Nothing is off limits for Love; he addresses dalliances with Charles Manson and his Family, including the now much-publicized incident when Dennis Wilson shakily confessed he saw Manson murder a man and stuff his body in a well.  He doesn’t pull punches on how he really feels about Beach Boys’ bandmate Al Jardine (“prickly,” “rude,” entitled”) or Brian Wilson’s wife, Melinda. He gives credit where credit is due, praising Carl Wilson, who, he says, was really the musical backbone of the Beach Boys from 1967 onward. And he’s actually — gasp! — likable at times when writing about his personal life, many failed marriages, and his attempt to rectify neglect of his kids by creating a familial atmosphere down the line.

He’s also quick to extoll the virtues of his spiritual beliefs as his center. On a fateful meditation retreat to Rishikesh, India, in 1967 — the same one that included the Beatles and their wives — Love decided to devote himself to the teachings of Maharishi Mahesh Yogi. (The Beatles later claimed the guru duped them, provoking John Lennon to pen the song “Sexy Sadie” in retaliation.)

After that experience, Love’s spirituality becomes a major character in the book. He credits it for keeping his head on straight amid death threats, lawsuits, stressful tours, and the general hate he receives from Beach Boys fans on nearly a daily basis. Practicing transcendental meditation has, more than anything, provided him with the escape into his true self that he’s ostensibly been searching for his whole life.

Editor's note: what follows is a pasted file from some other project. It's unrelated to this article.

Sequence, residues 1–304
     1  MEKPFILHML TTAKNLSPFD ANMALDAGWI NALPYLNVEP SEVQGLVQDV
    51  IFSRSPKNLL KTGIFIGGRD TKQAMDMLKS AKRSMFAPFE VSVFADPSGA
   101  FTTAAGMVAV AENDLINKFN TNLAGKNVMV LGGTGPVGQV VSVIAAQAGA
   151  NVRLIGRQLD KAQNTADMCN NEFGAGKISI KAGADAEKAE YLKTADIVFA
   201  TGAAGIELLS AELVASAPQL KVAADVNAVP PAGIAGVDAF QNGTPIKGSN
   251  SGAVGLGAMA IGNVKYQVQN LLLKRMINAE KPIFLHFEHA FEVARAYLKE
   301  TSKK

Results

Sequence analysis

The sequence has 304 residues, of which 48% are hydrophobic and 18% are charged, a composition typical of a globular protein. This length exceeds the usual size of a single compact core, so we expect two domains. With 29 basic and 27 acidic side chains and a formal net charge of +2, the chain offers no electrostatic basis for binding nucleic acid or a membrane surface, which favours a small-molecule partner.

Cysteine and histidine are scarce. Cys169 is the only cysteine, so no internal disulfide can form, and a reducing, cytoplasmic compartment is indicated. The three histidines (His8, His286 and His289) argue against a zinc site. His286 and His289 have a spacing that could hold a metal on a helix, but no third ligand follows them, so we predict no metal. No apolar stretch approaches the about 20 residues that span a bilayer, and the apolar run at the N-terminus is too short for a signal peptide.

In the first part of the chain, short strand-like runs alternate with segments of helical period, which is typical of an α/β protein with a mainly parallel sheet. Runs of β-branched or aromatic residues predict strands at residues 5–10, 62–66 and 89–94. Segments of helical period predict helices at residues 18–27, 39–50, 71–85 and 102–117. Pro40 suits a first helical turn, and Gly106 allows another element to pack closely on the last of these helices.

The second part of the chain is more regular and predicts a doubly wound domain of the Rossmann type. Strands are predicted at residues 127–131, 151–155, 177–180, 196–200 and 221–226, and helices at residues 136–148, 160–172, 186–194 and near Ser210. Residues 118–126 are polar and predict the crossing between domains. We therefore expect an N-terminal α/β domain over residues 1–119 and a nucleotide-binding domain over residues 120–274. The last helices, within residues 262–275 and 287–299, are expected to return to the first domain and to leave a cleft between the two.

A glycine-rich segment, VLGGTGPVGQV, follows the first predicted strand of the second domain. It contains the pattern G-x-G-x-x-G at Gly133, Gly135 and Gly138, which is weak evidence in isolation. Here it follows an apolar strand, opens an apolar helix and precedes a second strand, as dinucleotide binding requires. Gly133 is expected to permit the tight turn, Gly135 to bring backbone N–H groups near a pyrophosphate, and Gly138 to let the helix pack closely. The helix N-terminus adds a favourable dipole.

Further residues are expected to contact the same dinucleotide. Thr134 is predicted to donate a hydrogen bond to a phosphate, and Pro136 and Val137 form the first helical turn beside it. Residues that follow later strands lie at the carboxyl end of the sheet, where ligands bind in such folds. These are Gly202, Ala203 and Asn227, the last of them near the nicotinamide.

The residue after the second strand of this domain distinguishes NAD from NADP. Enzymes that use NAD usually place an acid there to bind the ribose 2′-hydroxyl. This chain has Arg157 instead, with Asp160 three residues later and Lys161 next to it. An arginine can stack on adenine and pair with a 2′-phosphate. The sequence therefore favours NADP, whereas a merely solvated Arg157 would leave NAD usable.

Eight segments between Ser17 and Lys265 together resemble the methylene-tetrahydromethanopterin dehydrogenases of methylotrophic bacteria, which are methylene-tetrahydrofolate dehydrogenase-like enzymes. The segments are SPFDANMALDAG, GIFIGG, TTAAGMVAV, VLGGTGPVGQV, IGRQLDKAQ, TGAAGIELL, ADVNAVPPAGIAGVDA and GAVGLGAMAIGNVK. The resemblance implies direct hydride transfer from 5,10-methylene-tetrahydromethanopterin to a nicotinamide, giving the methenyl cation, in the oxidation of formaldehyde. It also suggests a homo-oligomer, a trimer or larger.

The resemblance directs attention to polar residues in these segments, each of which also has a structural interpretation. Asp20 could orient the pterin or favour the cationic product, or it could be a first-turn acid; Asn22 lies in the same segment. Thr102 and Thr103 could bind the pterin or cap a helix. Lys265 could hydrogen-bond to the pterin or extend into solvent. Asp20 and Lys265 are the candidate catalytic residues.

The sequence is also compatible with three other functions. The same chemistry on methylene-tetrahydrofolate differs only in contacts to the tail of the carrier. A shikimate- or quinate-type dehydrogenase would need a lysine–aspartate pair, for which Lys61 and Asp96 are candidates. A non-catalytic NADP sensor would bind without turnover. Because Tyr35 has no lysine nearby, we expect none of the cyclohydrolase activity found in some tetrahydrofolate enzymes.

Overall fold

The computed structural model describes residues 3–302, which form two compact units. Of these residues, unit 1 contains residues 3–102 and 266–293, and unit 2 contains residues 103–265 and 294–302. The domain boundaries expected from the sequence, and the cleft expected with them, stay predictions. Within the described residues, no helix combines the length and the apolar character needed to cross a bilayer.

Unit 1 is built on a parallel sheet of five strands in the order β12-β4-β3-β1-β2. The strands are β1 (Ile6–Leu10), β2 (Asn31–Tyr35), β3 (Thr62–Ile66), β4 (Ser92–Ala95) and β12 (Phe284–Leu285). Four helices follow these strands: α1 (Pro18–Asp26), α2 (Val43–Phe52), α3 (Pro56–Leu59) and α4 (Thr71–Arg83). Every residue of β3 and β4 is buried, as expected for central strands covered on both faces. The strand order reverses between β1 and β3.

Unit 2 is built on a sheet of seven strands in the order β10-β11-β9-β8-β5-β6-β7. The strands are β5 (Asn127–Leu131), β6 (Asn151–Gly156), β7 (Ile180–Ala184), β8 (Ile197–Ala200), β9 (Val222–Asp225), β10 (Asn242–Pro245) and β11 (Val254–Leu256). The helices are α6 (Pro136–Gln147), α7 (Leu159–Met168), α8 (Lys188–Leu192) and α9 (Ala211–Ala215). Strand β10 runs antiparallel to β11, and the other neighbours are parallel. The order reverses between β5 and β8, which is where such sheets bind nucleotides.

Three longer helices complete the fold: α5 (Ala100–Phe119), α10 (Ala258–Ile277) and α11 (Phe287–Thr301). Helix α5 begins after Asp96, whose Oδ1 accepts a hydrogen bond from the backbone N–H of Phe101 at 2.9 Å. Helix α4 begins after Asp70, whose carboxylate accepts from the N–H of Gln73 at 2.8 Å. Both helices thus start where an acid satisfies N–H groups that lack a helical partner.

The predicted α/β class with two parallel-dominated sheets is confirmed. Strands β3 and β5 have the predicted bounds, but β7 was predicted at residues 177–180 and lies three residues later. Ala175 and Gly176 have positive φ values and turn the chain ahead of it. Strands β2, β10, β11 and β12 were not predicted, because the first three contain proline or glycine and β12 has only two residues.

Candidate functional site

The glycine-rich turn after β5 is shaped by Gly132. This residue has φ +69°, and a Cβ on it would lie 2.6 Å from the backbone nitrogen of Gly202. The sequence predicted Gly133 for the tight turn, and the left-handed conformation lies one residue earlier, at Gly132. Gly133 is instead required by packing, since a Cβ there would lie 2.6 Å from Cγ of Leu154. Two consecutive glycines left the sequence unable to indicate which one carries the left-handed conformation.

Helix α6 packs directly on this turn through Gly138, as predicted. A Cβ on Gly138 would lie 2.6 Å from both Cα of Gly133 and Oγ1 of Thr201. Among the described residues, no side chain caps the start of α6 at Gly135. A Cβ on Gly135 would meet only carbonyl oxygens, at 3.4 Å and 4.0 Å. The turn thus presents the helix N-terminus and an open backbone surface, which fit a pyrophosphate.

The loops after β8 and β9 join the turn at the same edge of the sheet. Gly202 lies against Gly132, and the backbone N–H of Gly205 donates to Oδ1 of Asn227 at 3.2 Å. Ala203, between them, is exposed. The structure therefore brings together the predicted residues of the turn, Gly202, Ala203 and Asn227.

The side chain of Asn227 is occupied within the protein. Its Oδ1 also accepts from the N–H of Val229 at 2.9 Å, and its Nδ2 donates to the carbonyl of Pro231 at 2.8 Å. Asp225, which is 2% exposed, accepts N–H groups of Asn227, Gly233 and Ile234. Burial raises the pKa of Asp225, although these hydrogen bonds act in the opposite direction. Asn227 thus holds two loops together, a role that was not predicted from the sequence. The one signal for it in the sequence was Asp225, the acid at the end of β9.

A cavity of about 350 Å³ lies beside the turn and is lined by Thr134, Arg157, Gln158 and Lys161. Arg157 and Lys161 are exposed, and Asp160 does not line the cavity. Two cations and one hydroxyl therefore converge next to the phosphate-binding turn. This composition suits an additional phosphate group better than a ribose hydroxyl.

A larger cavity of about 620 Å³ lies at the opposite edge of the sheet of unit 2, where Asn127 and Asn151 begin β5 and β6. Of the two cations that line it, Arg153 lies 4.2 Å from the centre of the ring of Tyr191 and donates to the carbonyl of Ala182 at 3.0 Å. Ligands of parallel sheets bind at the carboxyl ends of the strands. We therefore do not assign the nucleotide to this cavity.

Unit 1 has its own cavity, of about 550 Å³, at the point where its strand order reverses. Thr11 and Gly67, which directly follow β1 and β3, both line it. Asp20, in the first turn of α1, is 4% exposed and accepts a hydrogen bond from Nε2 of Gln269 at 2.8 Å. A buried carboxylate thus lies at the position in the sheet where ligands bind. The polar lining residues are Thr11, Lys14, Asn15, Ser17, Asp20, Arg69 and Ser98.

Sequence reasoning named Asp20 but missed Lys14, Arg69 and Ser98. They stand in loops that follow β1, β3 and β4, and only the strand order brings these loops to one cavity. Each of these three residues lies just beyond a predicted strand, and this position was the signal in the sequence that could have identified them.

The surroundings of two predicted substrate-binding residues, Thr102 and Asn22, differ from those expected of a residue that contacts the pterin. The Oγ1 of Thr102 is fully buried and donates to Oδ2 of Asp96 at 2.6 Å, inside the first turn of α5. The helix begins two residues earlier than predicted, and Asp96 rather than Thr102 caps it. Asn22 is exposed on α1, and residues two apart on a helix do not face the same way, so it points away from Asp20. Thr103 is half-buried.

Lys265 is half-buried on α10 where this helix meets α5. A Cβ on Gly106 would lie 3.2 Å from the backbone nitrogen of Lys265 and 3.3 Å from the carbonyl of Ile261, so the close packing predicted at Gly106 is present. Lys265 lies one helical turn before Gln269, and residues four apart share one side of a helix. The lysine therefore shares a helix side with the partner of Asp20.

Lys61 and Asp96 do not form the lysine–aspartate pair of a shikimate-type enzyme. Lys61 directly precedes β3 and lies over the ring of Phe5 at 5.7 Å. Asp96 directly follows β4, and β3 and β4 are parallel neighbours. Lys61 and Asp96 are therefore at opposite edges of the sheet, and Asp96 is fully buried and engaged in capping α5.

“Perhaps saints or yogis have defied gravity,” he says, “but for mortals like me, I can only practice, cultivate these attributes of personal improvement, renew my energies, overcome my fears, push forward, and with the grace of God, transcend.”

Good Vibrations: My Life as a Beach Boy is out today. Find it on Amazon.

About Allison Johnelle Boron 92 Articles
Allison Johnelle Boron is a Los Angeles-based music writer and editor whose work has appeared in Paste, Goldmine, Popdose, and more. She is the founder and editor of REBEAT. Her karaoke song is "Runaway" by Del Shannon. Find her on Twitter.